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Jesus, Gamaliel and Constantine Part Four

By Shlomo Phillips © 09.13.1989 (last updated 02.27.2017)


Monarchianism, Arianism and the Judaizers

    Go to:
Part One
Part Two
Part Three
This Is Part Four
Part Five
Part Six
Part Seven

Rome and Constantinople

During these formative years of Papal development religious debate, political intrigue, betrayal and wrangling of all kinds raged between the bishops of Rome and those headquartered at Constantinople. These were the two leading centers of the Universal Christian Church. Despite Constantine's intention of establishing a one-world government and universal religion, external and internal factors warred ceaselessly against that proposed unity. According to Emperor Constantine Iēsoús (Yeshua) had promised success to the new Church and its global political rule, but that success never came. For those who believe his conversion story, this failure should give pause. If Iēsoús was whom they believe him to be, and if he really promised this to the Church, then why is the Church losing so much ground? Catholicism is no longer the world's largest religion, It has been replaced by Islam. With the possible exception of Vatican City there are no countries that embrace political Christianity. While the Church as a whole is still numerically larger for now, all of Christendom is declining while Islam continues to expand, both in terms of practitioners and influence.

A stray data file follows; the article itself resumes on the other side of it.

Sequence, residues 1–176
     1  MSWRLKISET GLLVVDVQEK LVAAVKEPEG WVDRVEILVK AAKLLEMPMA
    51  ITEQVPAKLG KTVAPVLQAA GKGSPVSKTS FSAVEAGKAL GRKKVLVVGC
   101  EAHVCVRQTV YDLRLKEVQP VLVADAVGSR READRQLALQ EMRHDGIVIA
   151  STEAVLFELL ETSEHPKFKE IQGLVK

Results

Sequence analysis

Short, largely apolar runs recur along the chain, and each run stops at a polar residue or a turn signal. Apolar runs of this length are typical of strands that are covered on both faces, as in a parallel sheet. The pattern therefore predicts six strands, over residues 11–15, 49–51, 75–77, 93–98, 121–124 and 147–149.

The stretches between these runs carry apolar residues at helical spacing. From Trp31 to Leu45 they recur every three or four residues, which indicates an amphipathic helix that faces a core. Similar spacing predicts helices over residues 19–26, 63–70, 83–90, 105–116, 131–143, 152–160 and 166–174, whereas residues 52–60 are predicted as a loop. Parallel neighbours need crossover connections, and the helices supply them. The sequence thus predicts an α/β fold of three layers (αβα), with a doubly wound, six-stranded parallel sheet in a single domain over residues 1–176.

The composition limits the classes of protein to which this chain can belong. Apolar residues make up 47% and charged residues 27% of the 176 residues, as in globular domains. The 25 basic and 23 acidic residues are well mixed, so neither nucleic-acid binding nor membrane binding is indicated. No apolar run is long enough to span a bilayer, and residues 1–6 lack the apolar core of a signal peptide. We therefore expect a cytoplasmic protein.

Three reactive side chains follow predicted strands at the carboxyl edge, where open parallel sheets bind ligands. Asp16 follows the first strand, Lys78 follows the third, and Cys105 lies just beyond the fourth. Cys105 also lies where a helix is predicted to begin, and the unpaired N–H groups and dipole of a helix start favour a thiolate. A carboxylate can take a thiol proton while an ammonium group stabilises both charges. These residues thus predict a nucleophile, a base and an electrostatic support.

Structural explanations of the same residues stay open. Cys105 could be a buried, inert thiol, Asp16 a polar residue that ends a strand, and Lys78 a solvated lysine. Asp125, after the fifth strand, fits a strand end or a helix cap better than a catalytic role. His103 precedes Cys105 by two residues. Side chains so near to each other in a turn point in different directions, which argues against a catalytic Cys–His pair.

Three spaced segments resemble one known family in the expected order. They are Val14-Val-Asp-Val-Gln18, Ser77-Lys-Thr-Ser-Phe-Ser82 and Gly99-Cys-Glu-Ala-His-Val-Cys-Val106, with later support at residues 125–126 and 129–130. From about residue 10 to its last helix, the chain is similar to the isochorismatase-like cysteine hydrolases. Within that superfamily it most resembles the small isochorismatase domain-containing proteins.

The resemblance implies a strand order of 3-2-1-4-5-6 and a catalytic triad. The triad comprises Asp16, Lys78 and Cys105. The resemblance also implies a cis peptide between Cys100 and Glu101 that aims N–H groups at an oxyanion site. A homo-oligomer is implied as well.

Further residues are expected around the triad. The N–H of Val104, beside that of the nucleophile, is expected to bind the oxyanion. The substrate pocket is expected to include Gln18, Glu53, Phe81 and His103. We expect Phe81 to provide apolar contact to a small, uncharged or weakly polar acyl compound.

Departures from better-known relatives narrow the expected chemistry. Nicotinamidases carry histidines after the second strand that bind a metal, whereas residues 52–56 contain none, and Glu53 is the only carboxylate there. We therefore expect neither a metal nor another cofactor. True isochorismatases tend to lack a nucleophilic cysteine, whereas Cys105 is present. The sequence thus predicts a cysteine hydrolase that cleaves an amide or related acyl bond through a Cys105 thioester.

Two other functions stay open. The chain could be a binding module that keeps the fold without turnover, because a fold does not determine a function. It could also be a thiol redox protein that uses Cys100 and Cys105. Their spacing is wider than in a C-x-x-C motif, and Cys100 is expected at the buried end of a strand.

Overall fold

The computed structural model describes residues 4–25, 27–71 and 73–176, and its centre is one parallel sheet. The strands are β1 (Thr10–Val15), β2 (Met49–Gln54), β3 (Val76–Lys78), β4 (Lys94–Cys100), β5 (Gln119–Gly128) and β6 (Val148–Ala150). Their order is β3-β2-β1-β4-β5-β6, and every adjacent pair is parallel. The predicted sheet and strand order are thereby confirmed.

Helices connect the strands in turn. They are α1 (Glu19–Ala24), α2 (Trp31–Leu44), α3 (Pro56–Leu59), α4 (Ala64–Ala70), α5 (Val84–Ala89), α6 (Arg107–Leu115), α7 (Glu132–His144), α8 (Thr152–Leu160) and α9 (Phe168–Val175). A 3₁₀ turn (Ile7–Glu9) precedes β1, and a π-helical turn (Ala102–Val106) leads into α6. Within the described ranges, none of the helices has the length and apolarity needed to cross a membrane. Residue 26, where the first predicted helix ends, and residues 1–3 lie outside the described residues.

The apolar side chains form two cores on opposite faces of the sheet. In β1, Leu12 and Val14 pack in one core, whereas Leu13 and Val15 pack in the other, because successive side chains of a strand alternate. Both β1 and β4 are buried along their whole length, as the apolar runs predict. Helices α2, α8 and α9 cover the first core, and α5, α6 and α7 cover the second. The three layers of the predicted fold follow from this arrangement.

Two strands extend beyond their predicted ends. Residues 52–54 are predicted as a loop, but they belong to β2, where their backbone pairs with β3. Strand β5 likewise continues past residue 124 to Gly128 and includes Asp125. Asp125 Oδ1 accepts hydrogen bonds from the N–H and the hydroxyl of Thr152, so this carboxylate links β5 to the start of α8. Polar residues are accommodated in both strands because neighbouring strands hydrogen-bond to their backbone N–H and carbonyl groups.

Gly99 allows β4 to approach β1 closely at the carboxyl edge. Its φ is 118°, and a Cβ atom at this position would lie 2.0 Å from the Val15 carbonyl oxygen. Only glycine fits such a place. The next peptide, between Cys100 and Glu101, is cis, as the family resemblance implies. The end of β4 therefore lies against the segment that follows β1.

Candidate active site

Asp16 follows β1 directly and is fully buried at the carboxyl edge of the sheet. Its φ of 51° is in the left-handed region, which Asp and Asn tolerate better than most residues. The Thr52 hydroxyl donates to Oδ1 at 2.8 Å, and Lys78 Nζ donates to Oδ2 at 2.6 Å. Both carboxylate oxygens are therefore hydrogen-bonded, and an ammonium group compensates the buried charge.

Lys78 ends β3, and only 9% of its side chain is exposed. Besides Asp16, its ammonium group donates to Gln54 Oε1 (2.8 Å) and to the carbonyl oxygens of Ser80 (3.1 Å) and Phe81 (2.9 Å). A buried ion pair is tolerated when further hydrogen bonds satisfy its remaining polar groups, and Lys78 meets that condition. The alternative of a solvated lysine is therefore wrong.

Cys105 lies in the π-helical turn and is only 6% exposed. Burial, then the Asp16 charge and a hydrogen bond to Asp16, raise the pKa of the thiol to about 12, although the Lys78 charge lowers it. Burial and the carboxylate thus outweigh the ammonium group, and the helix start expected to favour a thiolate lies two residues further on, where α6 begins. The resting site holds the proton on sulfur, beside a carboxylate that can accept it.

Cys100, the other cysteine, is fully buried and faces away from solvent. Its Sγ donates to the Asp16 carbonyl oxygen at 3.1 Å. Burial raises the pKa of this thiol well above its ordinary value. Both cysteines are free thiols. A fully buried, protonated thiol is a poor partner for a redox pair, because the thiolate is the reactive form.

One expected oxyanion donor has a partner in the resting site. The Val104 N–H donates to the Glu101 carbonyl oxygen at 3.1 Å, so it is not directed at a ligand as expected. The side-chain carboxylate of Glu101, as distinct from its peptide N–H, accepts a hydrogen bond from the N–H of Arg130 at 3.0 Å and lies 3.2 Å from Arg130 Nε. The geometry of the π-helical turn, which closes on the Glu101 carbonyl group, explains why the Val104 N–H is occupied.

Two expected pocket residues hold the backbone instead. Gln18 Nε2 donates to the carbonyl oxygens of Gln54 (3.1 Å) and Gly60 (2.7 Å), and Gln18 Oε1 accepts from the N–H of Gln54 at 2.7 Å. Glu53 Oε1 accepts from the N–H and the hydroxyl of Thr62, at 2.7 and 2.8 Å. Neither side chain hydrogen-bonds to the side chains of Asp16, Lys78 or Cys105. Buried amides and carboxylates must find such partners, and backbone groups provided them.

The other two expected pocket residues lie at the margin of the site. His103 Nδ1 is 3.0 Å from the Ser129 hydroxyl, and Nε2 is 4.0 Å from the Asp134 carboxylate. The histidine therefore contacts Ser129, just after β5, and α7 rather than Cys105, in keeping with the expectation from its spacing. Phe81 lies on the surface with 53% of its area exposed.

Even as the Roman Empire was eventually divided East and West and then fragmented into the several nation-states, so too did the "One Holy Apostolic Catholic Church." The Orthodox Churches of the East and the Roman or Western Catholic Churches eventually split. Both groups continue to claim that they are the original Christian Church and that the other side caused the split. Much later came the Anglican and then the general Protestant exodus from the Vatican controlled Western Church.